This profile is part of CULTURED’s 2023 Young Collectors issue!
So much foliage and art populate Adam Mashaal’s longtime East Village, New York, apartment that it is hard to distinguish one from the other. It is a jungle teeming with beauty both real and imagined. Moments after entering, the eyes adjust and individual species leap out: a new 112-color Jonas Wood kitchen print, an iceberg by Harold Ancart, a gloppy Allison Schulnik painting of flowers and kittens, a Calvin Marcus photograph of fallen palms disguised as asparagus on a large ceramic plate, and a wall-swallowing Liang Fu portrait with a tentacle-like light effect. The verdant tableau continues onto the floor with large flower pots punctuated by spiky ceramic booby traps, a medium that Mashaal found himself experimenting with at Greenwich House, a West Village ceramics institution where amateurs and professionals—such as Trisha Baga and Betty Woodman—gather around the kiln.
Mashaal falls somewhere in between those two designations: He has been making music since he was 12 and designing products since 2005. For the founder, anything worth hiring for is worth trying yourself; after launching his own mobile app development company, Pressto, in 2010, he found himself doing everything from graphic design to UX and coding. When Mashaal decided to start collecting back in 2015, he also picked up a couple of canvases and some oil paints at the suggestion of artist Brendan Fagan aka Judith Supine, who became his gateway into the wormhole of contemporary art. “Making art is a good exercise for anyone thinking of collecting,” says Mashaal.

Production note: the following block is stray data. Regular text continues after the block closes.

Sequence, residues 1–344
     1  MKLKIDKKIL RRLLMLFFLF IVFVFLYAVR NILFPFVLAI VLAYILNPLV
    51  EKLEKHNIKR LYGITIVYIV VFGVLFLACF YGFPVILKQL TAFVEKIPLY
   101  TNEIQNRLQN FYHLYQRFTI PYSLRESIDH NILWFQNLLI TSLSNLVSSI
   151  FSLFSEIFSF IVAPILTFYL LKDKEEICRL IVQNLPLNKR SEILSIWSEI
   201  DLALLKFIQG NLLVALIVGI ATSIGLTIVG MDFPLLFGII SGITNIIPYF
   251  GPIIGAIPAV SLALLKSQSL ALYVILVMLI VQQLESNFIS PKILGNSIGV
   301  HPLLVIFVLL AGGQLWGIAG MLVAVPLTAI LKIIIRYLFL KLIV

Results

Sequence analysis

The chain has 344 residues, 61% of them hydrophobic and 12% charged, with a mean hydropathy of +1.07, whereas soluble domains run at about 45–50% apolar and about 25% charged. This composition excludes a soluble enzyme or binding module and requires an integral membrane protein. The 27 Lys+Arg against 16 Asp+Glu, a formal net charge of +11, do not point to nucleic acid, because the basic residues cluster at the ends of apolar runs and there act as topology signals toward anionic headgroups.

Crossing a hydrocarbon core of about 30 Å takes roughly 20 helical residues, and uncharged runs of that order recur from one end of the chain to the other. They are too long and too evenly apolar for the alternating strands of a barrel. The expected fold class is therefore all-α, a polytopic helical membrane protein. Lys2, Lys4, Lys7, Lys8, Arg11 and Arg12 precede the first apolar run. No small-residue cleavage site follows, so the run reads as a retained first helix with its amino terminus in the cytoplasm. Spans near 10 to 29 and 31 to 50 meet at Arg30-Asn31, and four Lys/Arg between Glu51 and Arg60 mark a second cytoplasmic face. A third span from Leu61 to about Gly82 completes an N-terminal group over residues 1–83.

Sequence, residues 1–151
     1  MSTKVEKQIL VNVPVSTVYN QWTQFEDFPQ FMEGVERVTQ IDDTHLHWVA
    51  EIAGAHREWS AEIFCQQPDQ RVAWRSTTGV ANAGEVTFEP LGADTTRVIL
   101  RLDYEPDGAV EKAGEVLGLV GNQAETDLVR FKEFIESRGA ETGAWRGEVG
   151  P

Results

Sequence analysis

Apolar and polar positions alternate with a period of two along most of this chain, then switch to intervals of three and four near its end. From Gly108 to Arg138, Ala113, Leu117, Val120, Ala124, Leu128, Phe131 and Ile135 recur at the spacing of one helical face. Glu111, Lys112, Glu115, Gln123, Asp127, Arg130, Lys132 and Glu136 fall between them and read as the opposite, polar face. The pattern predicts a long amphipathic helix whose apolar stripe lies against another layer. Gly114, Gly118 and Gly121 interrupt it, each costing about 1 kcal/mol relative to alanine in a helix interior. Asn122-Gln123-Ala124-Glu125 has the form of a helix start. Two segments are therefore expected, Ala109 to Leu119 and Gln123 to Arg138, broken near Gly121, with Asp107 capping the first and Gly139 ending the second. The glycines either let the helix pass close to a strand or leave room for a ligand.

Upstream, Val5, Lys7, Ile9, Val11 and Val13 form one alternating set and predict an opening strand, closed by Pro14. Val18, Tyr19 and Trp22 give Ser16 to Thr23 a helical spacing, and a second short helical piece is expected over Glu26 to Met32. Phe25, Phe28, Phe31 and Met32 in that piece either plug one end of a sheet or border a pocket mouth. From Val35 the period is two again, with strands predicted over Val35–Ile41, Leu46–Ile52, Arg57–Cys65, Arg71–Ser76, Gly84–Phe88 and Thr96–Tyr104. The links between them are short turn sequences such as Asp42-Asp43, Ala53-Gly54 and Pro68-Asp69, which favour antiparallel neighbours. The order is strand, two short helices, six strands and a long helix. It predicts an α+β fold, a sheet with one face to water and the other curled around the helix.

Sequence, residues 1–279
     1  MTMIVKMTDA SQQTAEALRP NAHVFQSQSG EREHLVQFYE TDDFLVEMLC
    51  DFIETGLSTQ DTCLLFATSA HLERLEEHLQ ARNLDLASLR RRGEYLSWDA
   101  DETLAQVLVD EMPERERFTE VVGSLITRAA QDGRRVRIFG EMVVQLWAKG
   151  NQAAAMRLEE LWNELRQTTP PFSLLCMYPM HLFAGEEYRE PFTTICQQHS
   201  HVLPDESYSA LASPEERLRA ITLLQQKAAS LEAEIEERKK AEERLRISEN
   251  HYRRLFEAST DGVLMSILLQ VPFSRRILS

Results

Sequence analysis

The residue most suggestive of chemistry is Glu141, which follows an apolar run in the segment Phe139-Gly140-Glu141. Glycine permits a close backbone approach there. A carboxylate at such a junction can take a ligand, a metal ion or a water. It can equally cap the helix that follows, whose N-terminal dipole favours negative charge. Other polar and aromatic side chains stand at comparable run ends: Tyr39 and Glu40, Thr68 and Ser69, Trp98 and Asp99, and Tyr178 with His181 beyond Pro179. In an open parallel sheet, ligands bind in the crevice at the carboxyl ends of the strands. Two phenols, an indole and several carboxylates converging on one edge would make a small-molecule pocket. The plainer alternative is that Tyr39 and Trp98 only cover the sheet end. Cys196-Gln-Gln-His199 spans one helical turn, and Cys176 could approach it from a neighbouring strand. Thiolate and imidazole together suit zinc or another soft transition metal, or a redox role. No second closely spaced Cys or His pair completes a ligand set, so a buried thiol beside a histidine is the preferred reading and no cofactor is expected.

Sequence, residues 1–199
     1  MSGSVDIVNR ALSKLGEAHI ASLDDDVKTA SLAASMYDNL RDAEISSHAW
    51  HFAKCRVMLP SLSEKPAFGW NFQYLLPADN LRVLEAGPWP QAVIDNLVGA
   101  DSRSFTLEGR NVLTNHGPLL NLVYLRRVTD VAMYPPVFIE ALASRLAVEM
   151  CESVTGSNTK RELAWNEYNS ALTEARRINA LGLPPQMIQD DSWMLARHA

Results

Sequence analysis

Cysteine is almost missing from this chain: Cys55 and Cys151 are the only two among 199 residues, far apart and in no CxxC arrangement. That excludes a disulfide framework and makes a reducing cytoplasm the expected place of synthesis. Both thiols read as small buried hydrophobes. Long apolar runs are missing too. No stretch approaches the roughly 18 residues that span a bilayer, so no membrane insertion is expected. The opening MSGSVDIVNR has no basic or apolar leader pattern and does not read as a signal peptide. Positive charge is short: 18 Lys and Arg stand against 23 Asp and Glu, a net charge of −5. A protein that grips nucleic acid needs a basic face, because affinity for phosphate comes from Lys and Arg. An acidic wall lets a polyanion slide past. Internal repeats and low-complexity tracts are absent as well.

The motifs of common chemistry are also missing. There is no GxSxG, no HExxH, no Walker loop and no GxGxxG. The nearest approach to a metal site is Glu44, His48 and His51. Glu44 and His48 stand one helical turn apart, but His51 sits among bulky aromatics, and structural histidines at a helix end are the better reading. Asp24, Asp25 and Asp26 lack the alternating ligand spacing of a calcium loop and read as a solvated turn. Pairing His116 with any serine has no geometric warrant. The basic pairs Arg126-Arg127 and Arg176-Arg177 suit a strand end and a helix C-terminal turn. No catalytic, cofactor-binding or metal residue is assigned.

This DIY attitude has informed the evolution of Mashaal’s collection, too. He bought one work through an advisor, an early call on Toyin Ojih Odutola, which he loves, but soon decided to do his own legwork. The beginning was rocky, but with time Mashaal found his own way of doing things. He spent years chasing down his latest conquest, a Nathaniel Mary Quinn face, before finally acquiring it. “If you miss something, always continue to express interest. Bring it up again and again with the gallery,” he says. Persistence is key, as is keeping a healthy distance from what Mashaal calls the “checklist collector.” “There’s a lot of FOMO that goes into art collecting. If you get too close to the social dynamics, you run the risk of doing it for validation rather than out of genuine passion,” he says. “A lot of people go on Instagram and see a collector and say, ‘Oh wow, look at this really popular collector. If I build a collection like theirs, I might be popular too.’ To me, the best part of building a collection is making it uniquely your own.”